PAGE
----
Recently my school started a program which allowed us to bring our own laptops to school. Previously we were given laptops (owned by the school) to use.

I'm still currently using the laptop given by the school and it will have to be returned next year therefore I have to buy my own laptop (which has to be a apple device) to use.

Currently my sister is using her own laptop to use at the school I go to. I have gone to the IT guy's to get the laptop connected to the internet. Then I seemed to have noticed that they were installing something on it. They told me to enter in the admin password of the computer into the terminal. After that the laptop was connected to the school network without the need of entering the wifi password.

According to the note my sister was given about the program the school started, there was this part of it that intrigued me.

"We will need to install software known as the "Recon Package" to enable automatic network configuration as well as the installation of school owned software required by students in different subjects."

The "Recon Package" seems to be very likely related to JAMF Software. This "Recon Package" was installed on the Macs that the school has provided us which I find acceptable but for them to install it on our personal devices, I find very unusual and suspicious.

I can tell you now that this is extremely misleading since I was able to successfully connect to the school network on my phone and a different version of OSX running on a different partition (I do know the SSID and password) without the need of the required software and they never used this software to install software on the mac. I have also figured out how to remove it but if I do my sister would get the risk of getting caught.

I have also noticed that they have renamed the mac's hostname.

They have also installed a certificate to get rid of the annoying SSL errors that pop up when attempting to access a webpage.

So to conclude, Should I install this software on the Mac I intend to use next year? What privacy concerns should I be worried about?

  • Can you add some links and / or give more details what this software is actually doing? Also, what 'type' of certificate is being installed and in what store is it put?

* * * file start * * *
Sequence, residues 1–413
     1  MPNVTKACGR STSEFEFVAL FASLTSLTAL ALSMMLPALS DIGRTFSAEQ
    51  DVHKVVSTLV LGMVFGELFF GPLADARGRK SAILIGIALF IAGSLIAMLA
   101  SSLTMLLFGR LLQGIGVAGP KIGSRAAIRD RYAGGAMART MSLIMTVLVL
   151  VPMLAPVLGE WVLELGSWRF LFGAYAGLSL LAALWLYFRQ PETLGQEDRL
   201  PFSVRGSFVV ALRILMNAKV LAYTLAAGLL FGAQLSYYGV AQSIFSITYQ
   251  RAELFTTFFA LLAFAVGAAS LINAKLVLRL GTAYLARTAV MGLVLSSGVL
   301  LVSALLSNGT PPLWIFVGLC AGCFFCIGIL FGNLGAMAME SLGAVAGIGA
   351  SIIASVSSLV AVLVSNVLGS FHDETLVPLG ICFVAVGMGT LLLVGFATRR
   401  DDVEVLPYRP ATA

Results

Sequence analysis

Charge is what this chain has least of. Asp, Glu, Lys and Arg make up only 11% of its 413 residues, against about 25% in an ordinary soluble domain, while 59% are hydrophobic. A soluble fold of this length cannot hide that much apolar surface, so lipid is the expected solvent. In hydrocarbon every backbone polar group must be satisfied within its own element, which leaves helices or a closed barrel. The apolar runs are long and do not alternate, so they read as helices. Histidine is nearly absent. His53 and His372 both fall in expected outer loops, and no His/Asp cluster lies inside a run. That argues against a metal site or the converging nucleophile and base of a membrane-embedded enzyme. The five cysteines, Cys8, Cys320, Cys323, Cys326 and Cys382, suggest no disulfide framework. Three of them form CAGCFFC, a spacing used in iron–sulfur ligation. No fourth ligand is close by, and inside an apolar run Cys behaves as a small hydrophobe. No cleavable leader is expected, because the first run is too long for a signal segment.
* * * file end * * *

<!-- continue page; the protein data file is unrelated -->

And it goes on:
– LvB
    Commented Mar 1, 2016 at 10:15
  • Do they restrict the websites you can access from within the school network? Commented Mar 1, 2016 at 12:23
  • They would likely track and log all requests from within their network. However I very much doubt they would have the resources, or inclination to attempt to monitor what you do on your laptop when you're at home. Commented Mar 1, 2016 at 12:29
  • Yes, they do restrict websites within the school network. They don't seem to block popular streaming sites and social networking sites sites though. @user1751825
    – mclarence
    Commented Mar 1, 2016 at 20:02

1 Answer 1


They have also installed a certificate to get rid of the annoying SSL errors that pop up when attempting to access a webpage.

This indicates that they're running an HTTPS man-in-the-middle proxy - any data you send over the network (including passwords, even if you've got the green padlock) can be read by your network admins, and often the proxy server will not verify the certificate provided by the remote server, so you may be in danger of getting MITMed by an attacker and not noticing. Similar to the recent Lenovo Superfish scandal, if you want to read more on why this is bad.

I wouldn't use the network for anything remotely private unless my traffic was going through an extra VPN, and I didn't have their certificate installed.

This is before you look into what the actual software package does:

  • inventory hundreds of objects, including Mac addresses, serial numbers, and purchasing information for each computer

  • Email notifications for administrators on restart and backup actions

  • CMDB/syslog compliant

At least they don't claim it includes a keylogger...

  • Normally if a network is running a https proxy, it would also have a pre-approved list of websites that can be accessed, for which their CA server provides certificates. This is common in corporate networks, so I assume the same would apply for a school.. Commented Mar 1, 2016 at 12:27

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